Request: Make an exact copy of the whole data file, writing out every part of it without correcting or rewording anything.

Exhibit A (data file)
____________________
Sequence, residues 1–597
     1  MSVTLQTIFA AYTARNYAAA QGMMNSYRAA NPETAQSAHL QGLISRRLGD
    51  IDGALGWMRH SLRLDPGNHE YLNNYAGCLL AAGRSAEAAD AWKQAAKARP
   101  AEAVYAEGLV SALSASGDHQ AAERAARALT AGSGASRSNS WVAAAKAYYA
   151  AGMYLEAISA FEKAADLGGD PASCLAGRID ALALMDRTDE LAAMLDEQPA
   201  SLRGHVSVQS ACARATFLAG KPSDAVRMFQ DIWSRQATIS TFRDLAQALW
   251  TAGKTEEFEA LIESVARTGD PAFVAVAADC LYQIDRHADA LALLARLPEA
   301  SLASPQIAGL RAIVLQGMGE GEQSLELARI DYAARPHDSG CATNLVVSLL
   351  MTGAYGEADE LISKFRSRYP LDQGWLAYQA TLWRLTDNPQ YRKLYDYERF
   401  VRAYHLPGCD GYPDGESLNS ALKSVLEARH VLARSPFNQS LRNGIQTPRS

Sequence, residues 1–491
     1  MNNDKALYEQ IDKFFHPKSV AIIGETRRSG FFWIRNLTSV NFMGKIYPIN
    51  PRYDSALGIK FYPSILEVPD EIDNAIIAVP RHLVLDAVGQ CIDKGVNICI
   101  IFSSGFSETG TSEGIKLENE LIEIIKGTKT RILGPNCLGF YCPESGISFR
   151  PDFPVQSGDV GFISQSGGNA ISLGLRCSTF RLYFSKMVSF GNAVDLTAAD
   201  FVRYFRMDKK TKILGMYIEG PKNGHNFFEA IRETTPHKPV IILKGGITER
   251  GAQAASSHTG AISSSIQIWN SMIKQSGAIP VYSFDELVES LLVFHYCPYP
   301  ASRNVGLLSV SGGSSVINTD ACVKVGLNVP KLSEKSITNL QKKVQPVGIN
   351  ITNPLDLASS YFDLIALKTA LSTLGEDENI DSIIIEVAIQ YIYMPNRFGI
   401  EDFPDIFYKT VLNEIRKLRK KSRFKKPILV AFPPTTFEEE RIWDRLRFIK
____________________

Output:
Sequence, residues 1–597
     1  MSVTLQTIFA AYTARNYAAA QGMMNSYRAA NPETAQSAHL QGLISRRLGD
    51  IDGALGWMRH SLRLDPGNHE YLNNYAGCLL AAGRSAEAAD AWKQAAKARP
   101  AEAVYAEGLV SALSASGDHQ AAERAARALT AGSGASRSNS WVAAAKAYYA
   151  AGMYLEAISA FEKAADLGGD PASCLAGRID ALALMDRTDE LAAMLDEQPA
   201  SLRGHVSVQS ACARATFLAG KPSDAVRMFQ DIWSRQATIS TFRDLAQALW
   251  TAGKTEEFEA LIESVARTGD PAFVAVAADC LYQIDRHADA LALLARLPEA
   301  SLASPQIAGL RAIVLQGMGE GEQSLELARI DYAARPHDSG CATNLVVSLL
   351  MTGAYGEADE LISKFRSRYP LDQGWLAYQA TLWRLTDNPQ YRKLYDYERF
   401  VRAYHLPGCD GYPDGESLNS ALKSVLEARH VLARSPFNQS LRNGIQTPRS

Sequence, residues 1–491
     1  MNNDKALYEQ IDKFFHPKSV AIIGETRRSG FFWIRNLTSV NFMGKIYPIN
    51  PRYDSALGIK FYPSILEVPD EIDNAIIAVP RHLVLDAVGQ CIDKGVNICI
   101  IFSSGFSETG TSEGIKLENE LIEIIKGTKT RILGPNCLGF YCPESGISFR
   151  PDFPVQSGDV GFISQSGGNA ISLGLRCSTF RLYFSKMVSF GNAVDLTAAD
   201  FVRYFRMDKK TKILGMYIEG PKNGHNFFEA IRETTPHKPV IILKGGITER
   251  GAQAASSHTG AISSSIQIWN SMIKQSGAIP VYSFDELVES LLVFHYCPYP
   301  ASRNVGLLSV SGGSSVINTD ACVKVGLNVP KLSEKSITNL QKKVQPVGIN
   351  ITNPLDLASS YFDLIALKTA LSTLGEDENI DSIIIEVAIQ YIYMPNRFGI
   401  EDFPDIFYKT VLNEIRKLRK KSRFKKPILV AFPPTTFEEE RIWDRLRFIK